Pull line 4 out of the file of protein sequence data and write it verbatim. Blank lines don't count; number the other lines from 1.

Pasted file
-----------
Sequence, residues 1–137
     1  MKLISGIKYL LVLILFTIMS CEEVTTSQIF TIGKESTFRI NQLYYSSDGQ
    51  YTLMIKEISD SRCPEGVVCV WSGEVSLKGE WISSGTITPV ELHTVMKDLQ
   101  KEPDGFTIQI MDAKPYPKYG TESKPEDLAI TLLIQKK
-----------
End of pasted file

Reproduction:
   101  KEPDGFTIQI MDAKPYPKYG TESKPEDLAI TLLIQKK